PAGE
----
Hampshire Safeguarding Children Board A briefing for SFYC Local Safeguarding Children Boards The key statutory mechanism for co-ordinating local authorities, policing, NHS, schools and others to protect children, and for ensuring that this work is effective. Created by: Children Act 2004
A statutory Board Members: LA, Social Care, Health, Education, Police, Probation, YOT, District Councils etc Includes: Lay members and community representation Aim: To improve how local organisations work together to ensure children stay safe
Who is part of Hampshire Safeguarding Children Board? The role of HSCB Safeguarding & Child Protection Procedures available on the HSCB website: www.hampshiresafeguardingchildrenboard.org.uk
Multi-Agency training Quality Assurance: checking and scrutinising Communicating & raising awareness Commissioning and publishing Serious Case Reviews and incorporating learning into practice Abusive Head Trauma (AHT) A briefing for SFYC
Access to Serious Case Reviews All SCRs are required to be published in all but extenuating circumstance, these include significant risk to a sibling or parent/carer if the review were to be published. Local SCRs can be accessed via the HSCB website www.hampshiresafeguardingchildrenboard.org.u k National SCRs can be accessed on the NSPCCs national repository Thematic Reviews of SCRs and MARs
What is Abusive Head Trauma Shaken Baby Syndrome Child Abuse Catastrophic injuries: Bleeds in the brain and behind eyes Broken Bones Babies can be shaken, thrown or hit It affects approximately 24 of every 100,000 babies admitted to hospital each year Research suggests 1 in 9 mothers may have
shaken their baby and; up to 2 in 9 felt like doing so Injuries as a result of AHT Not all babies will die immediately as a result of abusive head trauma. Research suggests that two years after the injury 24.5% of babies with AHT will die and 40% will have significant disabilities. Children who survive may have significant brain injuries which result in long term care
needs Injuries as a result of AHT Associated features Apnoea stopped breathing 93% Broken Rib 77% Bleeds behind eyes 71% Fits 66%
Head & neck bruising 37% Triennial review of SCRs Risk of harm to a child increases when a number of identified vulnerabilities or risk factors are present in combination or over periods of time. This has been highlighted in previous national analyses of SCRs in relation to domestic abuse, substance misuse and parental mental health
problems. The latest report draws attention to some additional parental risk factors: Triennial review of SCRs domestic abuse,
parental mental health problems, drug and alcohol misuse, adverse childhood experiences, a history of criminality, particularly violent crime, patterns of multiple, consecutive partners, acrimonious separation. Triennial review of SCRs Of the 197 fatal case reviewed in the triennial
review 48 were due to physical abuse. This accounts for the largest single category of fatal SCRs. 73% of these cases were babies under the age of one. Case Study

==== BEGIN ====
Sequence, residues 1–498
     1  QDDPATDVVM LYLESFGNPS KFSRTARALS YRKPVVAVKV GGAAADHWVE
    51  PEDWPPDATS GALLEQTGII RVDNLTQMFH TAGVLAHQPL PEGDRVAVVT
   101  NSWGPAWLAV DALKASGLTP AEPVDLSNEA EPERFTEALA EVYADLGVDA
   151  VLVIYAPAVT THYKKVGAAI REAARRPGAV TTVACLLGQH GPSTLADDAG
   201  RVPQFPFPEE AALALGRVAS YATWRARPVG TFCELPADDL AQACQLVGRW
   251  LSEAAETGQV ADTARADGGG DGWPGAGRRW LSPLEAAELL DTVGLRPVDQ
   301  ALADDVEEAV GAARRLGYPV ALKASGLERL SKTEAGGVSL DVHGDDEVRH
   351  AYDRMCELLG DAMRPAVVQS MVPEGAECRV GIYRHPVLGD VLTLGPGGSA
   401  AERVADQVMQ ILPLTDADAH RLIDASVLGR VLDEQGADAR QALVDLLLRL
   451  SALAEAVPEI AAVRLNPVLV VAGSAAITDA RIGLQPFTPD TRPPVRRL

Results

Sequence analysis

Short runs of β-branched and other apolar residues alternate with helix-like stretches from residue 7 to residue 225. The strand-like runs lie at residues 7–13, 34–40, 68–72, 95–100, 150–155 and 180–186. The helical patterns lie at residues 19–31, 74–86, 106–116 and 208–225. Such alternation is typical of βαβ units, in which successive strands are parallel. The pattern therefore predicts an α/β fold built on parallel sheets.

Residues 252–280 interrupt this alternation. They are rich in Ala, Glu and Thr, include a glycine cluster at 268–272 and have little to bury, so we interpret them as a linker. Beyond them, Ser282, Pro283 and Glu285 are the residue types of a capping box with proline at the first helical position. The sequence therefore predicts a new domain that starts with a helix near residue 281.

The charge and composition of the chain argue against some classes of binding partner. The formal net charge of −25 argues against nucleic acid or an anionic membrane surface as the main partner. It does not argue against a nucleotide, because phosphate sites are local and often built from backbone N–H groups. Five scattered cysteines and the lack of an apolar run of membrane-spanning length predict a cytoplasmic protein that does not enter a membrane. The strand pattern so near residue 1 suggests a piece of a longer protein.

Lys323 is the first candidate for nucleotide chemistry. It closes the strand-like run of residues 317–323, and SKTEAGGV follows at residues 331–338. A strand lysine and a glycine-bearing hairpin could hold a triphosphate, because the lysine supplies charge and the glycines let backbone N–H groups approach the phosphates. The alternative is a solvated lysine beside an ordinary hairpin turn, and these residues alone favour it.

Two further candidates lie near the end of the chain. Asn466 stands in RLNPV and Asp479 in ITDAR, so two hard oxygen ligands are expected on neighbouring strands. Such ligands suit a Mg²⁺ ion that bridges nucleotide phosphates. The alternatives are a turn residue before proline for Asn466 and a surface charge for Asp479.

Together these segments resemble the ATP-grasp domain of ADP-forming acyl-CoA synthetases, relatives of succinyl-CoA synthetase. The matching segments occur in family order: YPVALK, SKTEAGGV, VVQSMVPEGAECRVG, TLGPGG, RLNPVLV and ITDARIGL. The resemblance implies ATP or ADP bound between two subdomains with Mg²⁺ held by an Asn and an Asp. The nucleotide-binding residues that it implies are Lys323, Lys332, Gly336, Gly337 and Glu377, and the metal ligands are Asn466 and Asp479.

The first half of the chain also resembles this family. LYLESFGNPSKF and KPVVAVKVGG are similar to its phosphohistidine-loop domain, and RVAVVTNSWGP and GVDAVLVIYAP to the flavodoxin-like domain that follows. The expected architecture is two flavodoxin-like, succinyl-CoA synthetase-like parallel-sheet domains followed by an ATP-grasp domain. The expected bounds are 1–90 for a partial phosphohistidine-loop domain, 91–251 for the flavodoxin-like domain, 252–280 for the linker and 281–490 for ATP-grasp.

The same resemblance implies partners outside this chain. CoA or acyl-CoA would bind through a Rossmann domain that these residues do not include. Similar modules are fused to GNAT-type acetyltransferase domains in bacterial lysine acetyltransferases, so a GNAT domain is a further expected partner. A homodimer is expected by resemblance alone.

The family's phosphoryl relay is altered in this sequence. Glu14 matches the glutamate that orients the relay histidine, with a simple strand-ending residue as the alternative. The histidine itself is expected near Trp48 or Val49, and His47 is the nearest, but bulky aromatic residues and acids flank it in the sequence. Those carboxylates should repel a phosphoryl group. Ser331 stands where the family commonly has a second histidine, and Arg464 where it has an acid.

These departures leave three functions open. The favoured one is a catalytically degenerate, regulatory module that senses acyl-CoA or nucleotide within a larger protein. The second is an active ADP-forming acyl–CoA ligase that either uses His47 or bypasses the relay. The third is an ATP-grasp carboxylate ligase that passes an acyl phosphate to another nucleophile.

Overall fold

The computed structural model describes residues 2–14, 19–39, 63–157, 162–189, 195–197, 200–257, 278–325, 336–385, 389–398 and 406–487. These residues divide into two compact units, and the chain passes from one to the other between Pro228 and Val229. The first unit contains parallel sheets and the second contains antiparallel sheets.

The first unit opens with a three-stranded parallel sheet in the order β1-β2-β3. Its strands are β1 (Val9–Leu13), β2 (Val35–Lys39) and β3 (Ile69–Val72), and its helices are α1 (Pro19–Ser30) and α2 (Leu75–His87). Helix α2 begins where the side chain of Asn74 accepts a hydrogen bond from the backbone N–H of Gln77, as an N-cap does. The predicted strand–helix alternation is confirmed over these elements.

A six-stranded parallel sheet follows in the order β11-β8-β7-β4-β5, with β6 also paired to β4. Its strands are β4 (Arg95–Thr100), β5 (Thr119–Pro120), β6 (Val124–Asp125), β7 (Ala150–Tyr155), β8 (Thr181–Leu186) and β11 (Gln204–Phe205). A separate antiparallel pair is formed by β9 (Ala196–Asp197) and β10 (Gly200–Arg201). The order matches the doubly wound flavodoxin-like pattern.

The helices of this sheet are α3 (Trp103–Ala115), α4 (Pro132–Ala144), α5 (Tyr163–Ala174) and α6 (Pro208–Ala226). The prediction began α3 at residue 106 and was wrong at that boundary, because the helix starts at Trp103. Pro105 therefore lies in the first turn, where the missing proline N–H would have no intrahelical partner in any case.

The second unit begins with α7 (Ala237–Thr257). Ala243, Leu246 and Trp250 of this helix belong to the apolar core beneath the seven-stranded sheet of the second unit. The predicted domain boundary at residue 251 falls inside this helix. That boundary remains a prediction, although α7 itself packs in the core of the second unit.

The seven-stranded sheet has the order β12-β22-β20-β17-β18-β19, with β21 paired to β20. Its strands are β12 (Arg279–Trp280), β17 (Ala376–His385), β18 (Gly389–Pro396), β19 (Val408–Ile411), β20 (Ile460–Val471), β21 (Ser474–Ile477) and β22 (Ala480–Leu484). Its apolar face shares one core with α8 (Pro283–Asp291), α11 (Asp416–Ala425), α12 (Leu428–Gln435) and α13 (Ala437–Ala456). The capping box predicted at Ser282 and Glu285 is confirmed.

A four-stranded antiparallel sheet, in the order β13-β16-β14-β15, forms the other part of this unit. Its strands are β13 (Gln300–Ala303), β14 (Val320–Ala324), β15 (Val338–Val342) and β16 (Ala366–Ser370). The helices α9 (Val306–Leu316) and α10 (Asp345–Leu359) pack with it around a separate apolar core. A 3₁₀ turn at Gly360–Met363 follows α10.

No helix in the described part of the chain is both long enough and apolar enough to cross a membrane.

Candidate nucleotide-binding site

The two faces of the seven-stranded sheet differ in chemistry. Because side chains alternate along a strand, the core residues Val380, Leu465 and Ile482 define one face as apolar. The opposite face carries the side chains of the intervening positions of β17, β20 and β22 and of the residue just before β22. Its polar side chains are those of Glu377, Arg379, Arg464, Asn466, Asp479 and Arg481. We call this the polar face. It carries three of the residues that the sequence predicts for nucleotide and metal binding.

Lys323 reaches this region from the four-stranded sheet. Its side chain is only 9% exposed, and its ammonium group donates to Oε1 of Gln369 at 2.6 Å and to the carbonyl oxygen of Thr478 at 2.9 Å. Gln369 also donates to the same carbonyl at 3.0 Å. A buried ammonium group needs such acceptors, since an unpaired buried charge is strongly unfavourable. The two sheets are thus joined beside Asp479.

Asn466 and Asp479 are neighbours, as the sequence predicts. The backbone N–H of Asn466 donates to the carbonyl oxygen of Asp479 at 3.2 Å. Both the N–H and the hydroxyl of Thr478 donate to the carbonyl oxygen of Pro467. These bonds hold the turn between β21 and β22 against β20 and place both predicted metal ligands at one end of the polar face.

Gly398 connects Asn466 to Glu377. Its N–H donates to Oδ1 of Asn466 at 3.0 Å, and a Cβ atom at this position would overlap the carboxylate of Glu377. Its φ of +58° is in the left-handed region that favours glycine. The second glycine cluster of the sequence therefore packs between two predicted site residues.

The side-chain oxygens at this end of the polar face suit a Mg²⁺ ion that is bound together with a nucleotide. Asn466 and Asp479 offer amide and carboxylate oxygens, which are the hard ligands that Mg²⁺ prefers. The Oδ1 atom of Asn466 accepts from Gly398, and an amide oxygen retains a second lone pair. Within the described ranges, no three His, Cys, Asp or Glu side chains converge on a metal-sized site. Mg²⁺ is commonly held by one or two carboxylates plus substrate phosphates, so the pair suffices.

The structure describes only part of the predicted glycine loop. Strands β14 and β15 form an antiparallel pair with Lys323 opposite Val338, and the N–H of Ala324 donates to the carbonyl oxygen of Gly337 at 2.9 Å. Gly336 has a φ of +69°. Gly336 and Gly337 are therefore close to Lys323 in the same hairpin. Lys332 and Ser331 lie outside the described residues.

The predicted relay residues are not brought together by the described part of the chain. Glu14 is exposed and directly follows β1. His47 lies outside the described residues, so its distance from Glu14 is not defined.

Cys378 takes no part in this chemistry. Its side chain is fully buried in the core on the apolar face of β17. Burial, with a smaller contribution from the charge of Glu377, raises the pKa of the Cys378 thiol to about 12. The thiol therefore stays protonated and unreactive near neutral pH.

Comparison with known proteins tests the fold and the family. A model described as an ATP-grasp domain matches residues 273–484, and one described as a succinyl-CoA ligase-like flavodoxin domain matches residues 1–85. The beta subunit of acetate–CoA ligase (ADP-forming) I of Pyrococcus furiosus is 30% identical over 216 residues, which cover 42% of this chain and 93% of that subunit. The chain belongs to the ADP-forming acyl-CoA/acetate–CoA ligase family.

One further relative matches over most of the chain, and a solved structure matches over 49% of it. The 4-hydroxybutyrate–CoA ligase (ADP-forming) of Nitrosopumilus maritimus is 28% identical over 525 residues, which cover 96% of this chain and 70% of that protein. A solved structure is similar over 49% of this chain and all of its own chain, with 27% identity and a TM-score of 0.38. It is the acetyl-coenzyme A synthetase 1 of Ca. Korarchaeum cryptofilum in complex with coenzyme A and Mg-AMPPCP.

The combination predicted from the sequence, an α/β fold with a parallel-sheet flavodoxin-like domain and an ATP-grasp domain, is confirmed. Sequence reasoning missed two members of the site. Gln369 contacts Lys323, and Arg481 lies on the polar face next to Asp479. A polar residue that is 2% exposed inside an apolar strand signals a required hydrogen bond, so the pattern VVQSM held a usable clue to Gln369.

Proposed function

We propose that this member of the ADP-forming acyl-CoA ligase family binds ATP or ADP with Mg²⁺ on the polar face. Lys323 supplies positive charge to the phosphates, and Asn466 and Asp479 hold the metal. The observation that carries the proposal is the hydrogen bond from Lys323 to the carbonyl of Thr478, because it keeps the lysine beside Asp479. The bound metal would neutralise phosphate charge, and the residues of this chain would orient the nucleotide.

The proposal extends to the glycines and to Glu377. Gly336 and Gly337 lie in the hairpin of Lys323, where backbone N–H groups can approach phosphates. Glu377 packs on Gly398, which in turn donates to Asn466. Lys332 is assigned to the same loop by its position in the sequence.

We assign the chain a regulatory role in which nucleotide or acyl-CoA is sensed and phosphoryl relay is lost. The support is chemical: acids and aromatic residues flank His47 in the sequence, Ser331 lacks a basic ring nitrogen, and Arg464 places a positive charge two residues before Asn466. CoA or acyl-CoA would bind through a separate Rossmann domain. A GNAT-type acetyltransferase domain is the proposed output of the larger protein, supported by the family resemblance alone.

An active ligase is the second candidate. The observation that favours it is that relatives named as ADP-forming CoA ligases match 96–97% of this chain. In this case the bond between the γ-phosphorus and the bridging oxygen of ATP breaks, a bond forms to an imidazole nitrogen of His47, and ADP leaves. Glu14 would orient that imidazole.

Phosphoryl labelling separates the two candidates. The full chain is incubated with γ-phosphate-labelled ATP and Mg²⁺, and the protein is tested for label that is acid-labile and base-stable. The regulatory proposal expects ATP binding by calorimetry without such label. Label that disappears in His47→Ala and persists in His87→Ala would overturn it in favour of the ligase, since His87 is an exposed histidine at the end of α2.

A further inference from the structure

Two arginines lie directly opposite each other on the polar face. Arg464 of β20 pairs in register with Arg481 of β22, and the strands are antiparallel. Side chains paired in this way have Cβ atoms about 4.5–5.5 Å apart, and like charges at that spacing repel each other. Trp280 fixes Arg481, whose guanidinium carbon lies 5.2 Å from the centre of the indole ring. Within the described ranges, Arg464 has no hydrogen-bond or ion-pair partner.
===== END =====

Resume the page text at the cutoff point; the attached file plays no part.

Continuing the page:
What are you worried about? What are the risk factors? Who are you going to talk to? What are your processes? Known risk factors Kesler et al (2008) found that males represent 70% of perpetrators. Their study also provides strong evidence that, although AHT can occur in every socio-economic groups, there are significant demographic differences between the general population and those families in which AHT occurs.
Compared with the population of Pennsylvania, both mothers and fathers were more likely to be younger, less educated and unmarried. However, caution should be given to interpreting the statistics as these families are more likely to be reported for AHT (or conversely, that families conforming to other demographics are less likely to be reported). A previous study (Jenny et al 1999) found that missed cases of AHT more frequently involved intact and Caucasian families. Altman et al (2010) also concluded that Fathers and male surrogates are nearly 5 times as likely as mothers to shake an infant. Triggers Crying is considered the main trigger
Peak of crying is 6-8 weeks of age The parents or the mothers partner are responsible for AHT in 75% of babies A majority of perpetrators are male The most at risk groups are: Male baby
Below 6 months Low birth weight Regular contact with professionals Normal Crying Curve Identifying Risk factors If you identify a parent who is really struggling with their new baby take time to talk to them. Re-assure them that crying in babies is normal. Share with them the ICON messages
Discuss what options there are for rest / sleep / additional adult support Tell them to contact their health visitor/ Cry-sis for support Suggest they ask family/ friends for help to support them If you believe the child is at immediate risk of harm make a referral to Childrens Services following your settings protocol. ICON Safe Sleep
As part of the AHT campaign HSCB are including key messages in relation to safe sleep. This will be an area of focus during 2018/19. Babies should sleep in their own cot/ Moses basket in the same room as their parents. In a non smoking environment. Parents should not put the baby in their bed if they have been consuming alcohol or are under the influence of drugs Babies should be put to sleep on their backs The cost/ Moses basket should not contain sleeping aids/ additional bedding Babies can not regulate their temperature make sure the room
they sleep in is an appropriate temperature. HSCB Policies
4LSCB Procedures Bruising Protocol Unborn Baby Protocol Threshold Chart and guidance Escalation Policy FGM Family Engagement Policy (DNA) FII
Principles and Standards for Safeguarding Supervision Spotlight on How to refer to CRT Childrens Services Professionals; 01329 225379 Childrens Services Public; 0300 5551384 Interagency referral form Questions?
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